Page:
Tex’s List for Abusive Gals

Outlined by Tex, Edited by Dr. Irene

(Tex’ list is intended for abusive women. I think it’s good stuff for us all. Doc.)

Do You treat the man in your life with the same courtesy, respect, affection, admiration, empathy, and emotional support you extend to Jamie, Anita, Amanda, or any of your other friends?

If you find yourself speaking in a negative way to your man, in a way you know you would not speak to your friends (name calling, insulting, belittling, cursing, gesturing, ignoring, etc., etc.) – STOP! Ask yourself what is really bugging you – because its not him!

Whatever you ask for yourself from this man, return same to him. If your feminist or other principles demand that you live your life as you choose, extend those expectations to him. Demand of yourself that you allow him to live life as he chooses.

If you don’t want him to invade your privacy, don’t invade his.

If you want him to respect your comfort level in things emotional and physical, respect his.

If he feels you have disrespected him treated him poorly, don’t try to argue your case. Simply believe him. Learn from what he has to tell you.

Be fair. This means you not only look at what he is doing in the relationship, but at what you are doing. Ask yourself some hard questions.

Be consistent. For example, if racism and sexism are wrong when committed by men, it is equally wrong when women or White, Black, Brown and Blue people participate in racist or sexist behavior.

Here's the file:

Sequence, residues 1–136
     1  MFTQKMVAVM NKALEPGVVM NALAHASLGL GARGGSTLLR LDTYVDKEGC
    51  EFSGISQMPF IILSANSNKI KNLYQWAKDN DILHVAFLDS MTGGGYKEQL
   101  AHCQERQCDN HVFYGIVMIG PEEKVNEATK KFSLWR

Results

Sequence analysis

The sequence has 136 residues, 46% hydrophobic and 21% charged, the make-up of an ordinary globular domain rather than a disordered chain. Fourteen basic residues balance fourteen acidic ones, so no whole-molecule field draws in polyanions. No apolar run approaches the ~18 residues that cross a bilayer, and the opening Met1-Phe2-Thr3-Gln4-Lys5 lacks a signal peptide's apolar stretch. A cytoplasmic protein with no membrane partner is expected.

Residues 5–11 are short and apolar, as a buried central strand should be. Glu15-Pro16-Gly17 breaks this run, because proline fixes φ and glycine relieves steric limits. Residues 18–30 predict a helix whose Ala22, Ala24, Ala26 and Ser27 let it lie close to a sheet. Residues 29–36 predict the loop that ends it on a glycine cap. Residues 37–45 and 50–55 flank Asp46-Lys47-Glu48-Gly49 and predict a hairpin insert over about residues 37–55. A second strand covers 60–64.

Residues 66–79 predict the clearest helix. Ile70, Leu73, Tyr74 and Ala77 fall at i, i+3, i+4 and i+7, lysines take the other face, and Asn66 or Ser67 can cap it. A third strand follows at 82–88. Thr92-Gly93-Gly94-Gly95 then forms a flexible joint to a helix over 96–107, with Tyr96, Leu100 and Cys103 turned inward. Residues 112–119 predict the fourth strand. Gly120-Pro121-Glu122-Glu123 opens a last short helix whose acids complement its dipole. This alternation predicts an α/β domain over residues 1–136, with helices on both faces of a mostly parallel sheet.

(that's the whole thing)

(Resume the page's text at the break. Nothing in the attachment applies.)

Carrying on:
Don’t condemn him for behavior that you would excuse in your friends. Better yet, don’t condemn anybody!

See him for who he is. Do not make him into your father or your first husband. Do not pin all the societal sins of “men” on him. He is an individual.

Listen to what he is saying. Listen with with your heart, and not your “law degree”.

Count to 10 or 100 or 1000 before you speak in anger! Sticks and stones will break his bones, but words will kill his spirit. Few things are more destructive to the bond of affinity and affection.

Treat sex as a sacred gift, not an avenging sword.

Learn to be an emotional partner. Not a senior partner, not a junior partner, but an equal partner. Work together for the common goals of the relationship. Work individually to support your partner’s emotional self. The whole is bigger than the sum of its parts.

Compliment and encourage him. Resist judgmental-speak. Again, ask yourself, “Would I say this to my close friend?” If you wouldn’t, don’t say it now.

Be just. This means sometimes you won’t get what you want. Sometimes he won’t get what he wants. Without justice there is no relationship.

Recognize that you have not done all these things out of your intimacy fears and distortions. You blame him for all that does not go your way. You fear his pushing you away first. You disrespect him for not pushing you away when you think he should.

The more you learn to tolerate emotional closeness without pushing-away behavior, the more you will learn to trust and appreciate the sense of peace and security emotional intimacy brings.


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